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Thread: Ok, what's so great about... Steely Dan?

  1. #1

    Ok, what's so great about... Steely Dan?

    It seems that every rock journalist is required to refer to Steely Dan as 'smart', 'clever', 'thinking man's rock', with further requisite remarks about the 'skillful production'. No pundit dare dis them.
    Ok, Riki, Do It Again, and Reelin' In The Years are indeed on a level above 90% of all radio fare from the 70's, with the latter tune containing The Greatest Opening in Rock Music History. But a lot of their other stuff seems to me to be pretty MOR, the production slick to the point of muting the dynamics, a bit emotionally detached, even --dare I say it -- sonically predictable.

    So, what makes them earn all the plaudits? Theories, ideas, samples, references please...

  2. #2
    I know a pretty well known prog artist who in private conversations with me has sort of hated on Steely Dan. This is a guy who knows theory and can appreciate jazz and rock influenced by jazz and what not but he ain't buying. I love them and appreciate the fidelity of their recordings and their chord vocabulary and melodic sense. Some people are put off by their strange lyrics, the snark of Fagen's singing, etc. I am not.

  3. #3
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    What's so great? If nothing else, Aja is the greatest vocal fusion album and track ever recorded.

  4. #4
    Member Big Ears's Avatar
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    I agree with the OP that Steely Dan alternate between the catchy and the bland. They have an indefineable something, with Haitian Divorce being annoyingly catchy while having a certain depth too. Gary Katz's production for Love and Money was similar to that of SD; razor sharp in places and wide of the mark in others.
    Member since Wednesday 09.09.09

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    You could make a case for Steely Dan making a distinctively American version of progressive music. By Gaucho, their work owed little or nothing to British sources - it was slick R&B-pop crossed with jazz, entirely American. They considered themselves to be carrying on the tradition of Duke Ellington, and in some ways they were, by making music that was both highly commercial and artistically excellent. Also, they were progressive within the Big Time Music Business, rather than at loggerheads with it.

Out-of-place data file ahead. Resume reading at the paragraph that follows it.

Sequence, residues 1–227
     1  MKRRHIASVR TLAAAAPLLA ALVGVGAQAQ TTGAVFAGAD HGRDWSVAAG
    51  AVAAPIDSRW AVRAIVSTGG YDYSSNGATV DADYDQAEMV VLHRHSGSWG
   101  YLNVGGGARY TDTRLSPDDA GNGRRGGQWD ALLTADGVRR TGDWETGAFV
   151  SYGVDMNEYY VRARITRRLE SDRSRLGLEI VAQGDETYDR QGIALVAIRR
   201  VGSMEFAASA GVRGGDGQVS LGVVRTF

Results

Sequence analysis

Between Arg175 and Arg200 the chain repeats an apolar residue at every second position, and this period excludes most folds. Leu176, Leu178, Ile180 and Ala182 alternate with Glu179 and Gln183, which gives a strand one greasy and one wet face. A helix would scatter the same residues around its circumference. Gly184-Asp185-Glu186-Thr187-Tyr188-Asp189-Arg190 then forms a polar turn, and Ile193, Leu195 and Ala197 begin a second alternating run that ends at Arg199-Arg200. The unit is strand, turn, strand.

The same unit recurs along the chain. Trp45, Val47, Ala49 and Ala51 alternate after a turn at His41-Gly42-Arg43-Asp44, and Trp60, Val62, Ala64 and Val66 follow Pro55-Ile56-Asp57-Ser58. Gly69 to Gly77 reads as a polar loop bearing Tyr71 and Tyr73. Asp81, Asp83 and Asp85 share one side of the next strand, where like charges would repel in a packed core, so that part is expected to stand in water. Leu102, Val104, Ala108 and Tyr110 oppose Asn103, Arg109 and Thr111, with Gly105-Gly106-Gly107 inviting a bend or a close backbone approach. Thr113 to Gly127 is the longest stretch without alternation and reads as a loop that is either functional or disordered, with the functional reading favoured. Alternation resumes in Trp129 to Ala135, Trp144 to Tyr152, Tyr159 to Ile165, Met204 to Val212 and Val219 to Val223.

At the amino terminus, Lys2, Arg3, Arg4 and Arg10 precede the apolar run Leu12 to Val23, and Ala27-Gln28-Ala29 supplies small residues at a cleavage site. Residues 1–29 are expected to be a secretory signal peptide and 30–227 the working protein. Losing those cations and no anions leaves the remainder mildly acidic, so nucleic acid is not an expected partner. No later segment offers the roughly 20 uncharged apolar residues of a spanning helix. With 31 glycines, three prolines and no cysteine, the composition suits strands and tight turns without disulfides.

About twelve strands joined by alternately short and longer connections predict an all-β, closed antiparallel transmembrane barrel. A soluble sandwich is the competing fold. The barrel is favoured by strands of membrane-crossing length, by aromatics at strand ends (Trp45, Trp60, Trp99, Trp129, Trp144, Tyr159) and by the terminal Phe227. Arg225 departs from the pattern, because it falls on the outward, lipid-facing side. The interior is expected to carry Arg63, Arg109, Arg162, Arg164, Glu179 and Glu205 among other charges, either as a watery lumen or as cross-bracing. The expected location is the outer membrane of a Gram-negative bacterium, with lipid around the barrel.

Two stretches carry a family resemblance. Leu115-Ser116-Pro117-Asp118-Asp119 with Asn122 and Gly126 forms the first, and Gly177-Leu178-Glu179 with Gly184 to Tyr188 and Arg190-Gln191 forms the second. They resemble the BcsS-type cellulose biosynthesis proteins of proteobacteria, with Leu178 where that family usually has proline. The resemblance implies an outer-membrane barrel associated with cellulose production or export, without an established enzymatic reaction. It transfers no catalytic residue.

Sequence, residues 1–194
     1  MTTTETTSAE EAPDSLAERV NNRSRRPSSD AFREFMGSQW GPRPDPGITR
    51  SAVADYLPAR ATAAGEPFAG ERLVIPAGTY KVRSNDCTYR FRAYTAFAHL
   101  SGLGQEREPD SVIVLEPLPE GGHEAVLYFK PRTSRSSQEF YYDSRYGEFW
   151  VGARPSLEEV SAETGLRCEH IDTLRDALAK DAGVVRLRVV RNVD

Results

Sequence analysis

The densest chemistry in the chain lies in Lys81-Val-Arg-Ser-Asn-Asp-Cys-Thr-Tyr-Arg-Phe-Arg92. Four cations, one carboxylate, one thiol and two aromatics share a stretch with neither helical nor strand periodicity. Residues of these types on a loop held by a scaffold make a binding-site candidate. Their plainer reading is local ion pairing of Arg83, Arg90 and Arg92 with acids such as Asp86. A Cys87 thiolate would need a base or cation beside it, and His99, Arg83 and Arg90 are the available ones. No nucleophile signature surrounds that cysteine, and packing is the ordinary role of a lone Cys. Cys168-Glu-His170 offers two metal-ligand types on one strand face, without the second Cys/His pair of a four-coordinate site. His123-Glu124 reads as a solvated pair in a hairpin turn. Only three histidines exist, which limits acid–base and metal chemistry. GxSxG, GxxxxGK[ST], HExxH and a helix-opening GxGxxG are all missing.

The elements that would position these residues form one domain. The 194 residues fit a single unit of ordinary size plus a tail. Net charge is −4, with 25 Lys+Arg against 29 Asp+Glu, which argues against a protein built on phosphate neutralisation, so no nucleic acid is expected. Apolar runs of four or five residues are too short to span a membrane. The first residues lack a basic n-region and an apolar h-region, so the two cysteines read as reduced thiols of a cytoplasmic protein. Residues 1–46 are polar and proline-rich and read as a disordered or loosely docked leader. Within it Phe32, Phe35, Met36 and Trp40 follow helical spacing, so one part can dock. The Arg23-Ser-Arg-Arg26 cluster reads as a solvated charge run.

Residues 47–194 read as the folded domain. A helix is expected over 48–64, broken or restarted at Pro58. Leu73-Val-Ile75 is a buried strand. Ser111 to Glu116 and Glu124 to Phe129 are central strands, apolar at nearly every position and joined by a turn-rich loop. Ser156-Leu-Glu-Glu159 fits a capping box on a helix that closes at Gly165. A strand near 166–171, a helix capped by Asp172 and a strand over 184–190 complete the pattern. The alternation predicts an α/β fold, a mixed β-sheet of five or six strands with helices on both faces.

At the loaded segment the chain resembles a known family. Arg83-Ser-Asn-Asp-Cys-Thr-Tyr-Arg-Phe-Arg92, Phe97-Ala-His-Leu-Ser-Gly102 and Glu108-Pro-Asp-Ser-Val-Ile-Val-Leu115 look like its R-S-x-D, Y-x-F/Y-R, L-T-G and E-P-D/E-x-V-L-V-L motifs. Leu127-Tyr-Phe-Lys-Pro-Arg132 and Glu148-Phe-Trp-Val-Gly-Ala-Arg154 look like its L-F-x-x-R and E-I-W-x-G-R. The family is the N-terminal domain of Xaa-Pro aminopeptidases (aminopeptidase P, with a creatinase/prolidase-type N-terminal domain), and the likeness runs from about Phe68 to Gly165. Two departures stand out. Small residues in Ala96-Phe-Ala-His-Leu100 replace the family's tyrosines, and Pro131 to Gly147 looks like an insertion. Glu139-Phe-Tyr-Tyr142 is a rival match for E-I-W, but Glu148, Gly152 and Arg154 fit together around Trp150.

6. #6
    Member Vic2012's Avatar
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    I love 'm. My favorites are still the first two albums. Aja is my least favorite. Too polished and slick. Give me Can't Buy A Thrill over Aja x1000.

  7. #7
    Member Zeuhlmate's Avatar
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    I appreciate a few tracks, but generally its too slick & polished for me.
    I can enjoy how well executed some of it is, but in my ears it gets a bit library'ish after some minutes.

  8. #8
    I appreciate the guitar playing. The guitar solos recorded on their albums over the many years. Particularly Larry Carlton. Once the singer opens his mouth I shut off the player. I also do not prefer their style of writing. In the 80's they were worshipped by many music college youths and at the time it made my skin crawl. Eh...because it was overrated hype. Like some guy with a long white beard sitting on a white puffy cloud instructed everyone to like Steely Dan. Perhaps a lot of people liked them? No no no...it was more like commercial brainwashing. Follow the leader...(so to speak)..... They were fine players but I didn't appreciate their style of writing.

  9. #9
    Occipital Provocatee Plasmatopia's Avatar
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    I had a greatest hits compilation on cassette that I played quite a bit in the late '80s and into the early '90s. A few years ago I found several of their albums on CD for little $$ so I now have a half dozen of the albums proper. I was left feeling that most of the good stuff was on the compilation.
    Let's blow this dinosaur heap.

  10. #10
    I'm a big Steely Dan fan up to Gaucho, but it wasn't always so. Like others, I always found them a bit too slick, and their non-singles tracks to be a bit "bland." I'm not sure where along the way that changed for me.